our Journey. . .

& What we Have learned About shame and self-compassion


Our journey to understand the way systems of oppression function has been a defining aspect of both of our lives. Waking up to the ways we have [all] been de-humanized by these systems and moving towards healing and liberation is what drives our sense of hope and possibility. As two white women, born in the U.S., becoming sensitized to the prevalence of settler colonialism and white supremacy culture has been a long journey— and is one we are both committed to for life.

Our respective journeys of unlearning and dismantling racism came together when we began to host multi-week (7-11 wk) circles of white folx to unpack Layla Saad’s “me and white supremacy” through journaling and dialogue in the summer of 2019.



In the process of hosting seven of these multi-week circles, we began to notice a predictable pattern: crippling shame would arise for white folx doing this work, and while this is understandable, we could also see that shame was one of the primary factors that prevented meaningful reflection and growth on the path of dismantling white supremacy’s grip on us. We find Brené Brown’s definition of shame to be very resonant and useful in this work:

“I define shame as the intensely painful feeling or experience of believing that we are flawed and therefore unworthy of love and belonging – something we’ve experienced, done, or failed to do makes us unworthy of connection. I don’t believe shame is helpful or productive.” -Brené Brown

In an effort to counter this tendency towards shame, we realized we needed to support others and ourselves with a stronger inner foundation that would build our resilience and fortitude for digging deep, as we investigate our participation within white supremacy culture.

As a collective, we white folx are in serious need of an antidote to shame.

Why compassion?

Expanding our capacity for self-acceptance and self-compassion in the midst of this fierce self-inquiry of unraveling our conditioning under white supremacy is absolutely crucial in getting to the root of these constructs and beliefs that govern our behavior unconsciously.

Self-acceptance is not the same as absolving ourselves of responsibility, in fact we see it as a doorway to increasing our capacity to take responsibility. Practicing self-compassion is not self-pity, being selfish, nor letting ourselves “off the hook.” Instead, compassion is what allows us to see more clearly the beliefs that are operating inside of us. When we are ruled by our inner critic, our capacity to see what’s true is severely limited. While shame collapses our sense of self, compassion increases our inner security, creating a foundation that expands our hearts and our spirits, and allows us to align our behavior more deeply with our values.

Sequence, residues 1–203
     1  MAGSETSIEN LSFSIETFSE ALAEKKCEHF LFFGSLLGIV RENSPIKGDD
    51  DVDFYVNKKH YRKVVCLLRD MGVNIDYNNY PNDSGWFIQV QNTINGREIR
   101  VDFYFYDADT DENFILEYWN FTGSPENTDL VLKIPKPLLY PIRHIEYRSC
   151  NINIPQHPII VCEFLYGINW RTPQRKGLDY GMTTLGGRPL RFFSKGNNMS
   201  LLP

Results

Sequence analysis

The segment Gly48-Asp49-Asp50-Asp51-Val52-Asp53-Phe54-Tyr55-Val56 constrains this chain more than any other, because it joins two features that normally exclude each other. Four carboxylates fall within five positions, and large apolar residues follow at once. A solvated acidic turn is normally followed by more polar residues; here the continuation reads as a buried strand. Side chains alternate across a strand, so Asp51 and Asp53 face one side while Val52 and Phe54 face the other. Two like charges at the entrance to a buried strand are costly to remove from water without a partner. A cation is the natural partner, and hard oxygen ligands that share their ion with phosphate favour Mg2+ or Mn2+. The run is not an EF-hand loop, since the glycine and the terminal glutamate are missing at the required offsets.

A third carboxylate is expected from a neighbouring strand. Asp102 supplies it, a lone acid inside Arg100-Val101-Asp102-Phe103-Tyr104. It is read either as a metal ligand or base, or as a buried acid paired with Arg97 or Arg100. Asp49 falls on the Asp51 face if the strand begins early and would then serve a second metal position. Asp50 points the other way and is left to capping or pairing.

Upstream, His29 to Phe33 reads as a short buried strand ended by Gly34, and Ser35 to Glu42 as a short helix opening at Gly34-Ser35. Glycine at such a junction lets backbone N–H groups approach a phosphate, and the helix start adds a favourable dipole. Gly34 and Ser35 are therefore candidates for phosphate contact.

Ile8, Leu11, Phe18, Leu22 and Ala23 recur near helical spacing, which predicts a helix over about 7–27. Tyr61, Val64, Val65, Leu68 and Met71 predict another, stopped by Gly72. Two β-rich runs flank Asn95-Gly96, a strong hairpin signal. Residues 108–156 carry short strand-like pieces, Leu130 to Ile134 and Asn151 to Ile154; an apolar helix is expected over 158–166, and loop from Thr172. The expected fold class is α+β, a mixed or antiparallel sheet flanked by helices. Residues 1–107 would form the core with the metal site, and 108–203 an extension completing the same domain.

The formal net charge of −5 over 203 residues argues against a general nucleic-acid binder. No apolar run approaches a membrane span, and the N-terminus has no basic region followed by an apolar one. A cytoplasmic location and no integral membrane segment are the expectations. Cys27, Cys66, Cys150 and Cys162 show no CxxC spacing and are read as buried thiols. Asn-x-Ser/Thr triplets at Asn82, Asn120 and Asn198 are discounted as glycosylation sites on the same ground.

It starts with connecting to and sensitizing our own hearts, becoming willing to see the ways white supremacy culture has taught us to contract, harden and numb our hearts. Ultimately, beginning to practice self-compassion is a huge part of what shifts, heals, and releases the grip that white supremacy has on our bodies.

Being with Paradox

Sometimes, as white-bodied people engaged in anti-racism, we think we need to deprive ourselves of joy, and that we do not deserve to laugh or smile when we are in the midst of dismantling white supremacy and its hold on us. But with time, we begin to see that this too is a destructive aspect of the either/or binary thinking that we have learned under white supremacy.

This path will often not feel clear or balanced, but as we wrestle and really search for the truth, more than we succumb to placating ourselves with distancing patterns of avoidance or dissociated comfort, we can begin to come home to ourselves. We begin to recover our own humanity, and see that our own self-care, self-love, and actual liberation is inextricably linked to that of every other living being on the planet.


“If you’re on the path to liberation, you have to be motivated by this fierce sense of undoing, this willingness to come completely apart, to know that everything you think you know about yourself, you inherited from someplace else. You need to take account. Be willing to face and acknowledge that much of what has come to you has been unearned and has come at great cost to others. Start balancing the books. And then: relax. Relax. Enjoy your life. Let it unfold. This is the tension of the path: the fierce, fierce undoing and the perfected ability to just be with what is.”   –Rev angel Kyodo williams



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